• Stuart Mawditt

Pressure Management as part of Northumbrian Water's AMP7 Strategy

Water pressure has been shown to have a considerable impact on leakage and burst performance of networks, and it is generally accepted that by reducing excess pressure and minimising the range of pressure on the network this will improve asset performance. One way to achieve this is to install Pressure Reducing Valves (PRVs) at key points within the network. PRVs allow water companies to manage pressure on the network more effectively, creating a better experience for their customers.


SME Water were approached by Northumbrian Water in 2018, for help understanding the opportunities for new pressure management schemes on their network, and for SME Water to build a business case for further investment during AMP7. From then on, we have worked with Northumbrian Water to identify opportunities for new installations, undertake a cost benefit study, and produce detailed designs for the schemes. We have worked with our partners Hydrosave to provide support onsite to help us validate available pressures, understand transients in the network, and go on to commission the PRVs and install i2O’s latest PRV controllers onsite.


Our part in the project is now complete, and Northumbrian Water are currently calculating the benefit achieved from their new pressure management schemes.


Undertaking historic analysis to build a cost benefit model

To start the project, we looked at historical installations on Northumbrian Water’s network to understand the benefits which had been delivered from their previous projects. This allowed us to build a resilient approach to predict the benefits which could be achieved from further network calming activities across the rest of the network. We also looked into possible concerns that could be raised by customers and internal stakeholders, which could possibly form a barrier to the project. This would allow us to address these concerns with evidence and ensure the success of the project. Fortunately, Northumbrian Water had installed and commissioned a number of new schemes between 2010 and 2013, so we had some good examples to investigate. The following figures focus on data taken from these installations and show some of our key analysis outputs.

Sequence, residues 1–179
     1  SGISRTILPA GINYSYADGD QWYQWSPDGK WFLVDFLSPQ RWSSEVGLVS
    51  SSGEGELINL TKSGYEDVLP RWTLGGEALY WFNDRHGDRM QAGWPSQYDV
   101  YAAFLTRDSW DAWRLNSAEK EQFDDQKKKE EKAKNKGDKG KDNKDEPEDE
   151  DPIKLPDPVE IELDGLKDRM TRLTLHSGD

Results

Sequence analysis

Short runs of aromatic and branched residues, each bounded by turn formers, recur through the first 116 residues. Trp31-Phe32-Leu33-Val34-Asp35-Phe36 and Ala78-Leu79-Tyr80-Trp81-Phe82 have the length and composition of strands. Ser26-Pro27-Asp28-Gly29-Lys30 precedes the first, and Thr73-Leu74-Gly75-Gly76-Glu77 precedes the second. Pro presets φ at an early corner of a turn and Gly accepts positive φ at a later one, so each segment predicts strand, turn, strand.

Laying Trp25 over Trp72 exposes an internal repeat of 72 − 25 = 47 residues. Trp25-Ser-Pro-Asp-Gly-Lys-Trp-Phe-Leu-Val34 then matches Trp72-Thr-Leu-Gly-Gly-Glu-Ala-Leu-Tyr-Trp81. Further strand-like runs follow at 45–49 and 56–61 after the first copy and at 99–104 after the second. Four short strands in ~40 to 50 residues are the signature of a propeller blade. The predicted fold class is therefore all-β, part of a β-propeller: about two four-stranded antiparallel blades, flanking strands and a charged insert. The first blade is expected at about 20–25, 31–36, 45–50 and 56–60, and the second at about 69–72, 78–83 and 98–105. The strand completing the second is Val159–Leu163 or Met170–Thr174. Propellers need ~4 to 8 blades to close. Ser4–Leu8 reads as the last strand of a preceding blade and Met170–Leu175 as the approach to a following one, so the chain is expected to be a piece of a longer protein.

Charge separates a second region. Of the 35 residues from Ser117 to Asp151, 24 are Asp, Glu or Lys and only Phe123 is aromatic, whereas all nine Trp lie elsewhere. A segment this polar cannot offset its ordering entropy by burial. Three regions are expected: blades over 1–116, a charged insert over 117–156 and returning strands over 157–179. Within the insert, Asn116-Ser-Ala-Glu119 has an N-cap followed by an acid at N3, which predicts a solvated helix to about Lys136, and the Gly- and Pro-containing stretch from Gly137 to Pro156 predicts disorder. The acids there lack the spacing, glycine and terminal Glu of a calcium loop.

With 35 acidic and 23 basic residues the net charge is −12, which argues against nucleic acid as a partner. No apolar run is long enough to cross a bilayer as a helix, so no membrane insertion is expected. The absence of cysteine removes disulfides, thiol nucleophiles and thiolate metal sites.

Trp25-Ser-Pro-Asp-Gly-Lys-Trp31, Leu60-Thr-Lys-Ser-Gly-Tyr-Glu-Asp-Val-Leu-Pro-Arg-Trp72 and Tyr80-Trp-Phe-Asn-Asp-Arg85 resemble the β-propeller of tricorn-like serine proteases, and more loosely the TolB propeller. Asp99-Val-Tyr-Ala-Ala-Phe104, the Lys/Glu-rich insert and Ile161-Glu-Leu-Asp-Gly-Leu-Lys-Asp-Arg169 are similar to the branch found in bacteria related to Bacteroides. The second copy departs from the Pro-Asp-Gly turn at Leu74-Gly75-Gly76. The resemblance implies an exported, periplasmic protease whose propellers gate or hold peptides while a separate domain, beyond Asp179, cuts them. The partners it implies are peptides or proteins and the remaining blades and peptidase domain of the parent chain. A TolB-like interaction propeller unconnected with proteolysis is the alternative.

Figure 1 shows the impact of newly installed schemes on service pipe bursts and customer low pressure contacts in the areas for the four years before and after the installation of a PRV. The data consistently showed a significant reduce of bursts in all types, with this graph demonstrating that service pipe bursts were reduced by more than 50%. We also analysed customer contact data and were able to demonstrate that the level of customer contacts relating to low pressure concerns in these areas was unaffected. This assured Northumbrian Water that they could implement new schemes, delivering benefits while maintaining their unrivalled customer experience.


Figure 1: Annual service pipe bursts and customer contacts before and after scheme installation


There were also concerns raised by stakeholders that benefits delivered from pressure management projects might not be sustained, with evidence from other water companies suggesting that water networks can ‘relax’ and adjust to the new pressure regime. This was expected to result in annual burst counts gradually increasing over time following a new scheme being implemented. As shown in Figure 2, our analysis of the schemes installed in 2010 by Northumbrian Water clearly shows that benefits were sustained for an extended period and showed no evidence of increasing. These burst levels have been sustained to most recent reported numbers.


Figure 2: Annual service pipe bursts following scheme installation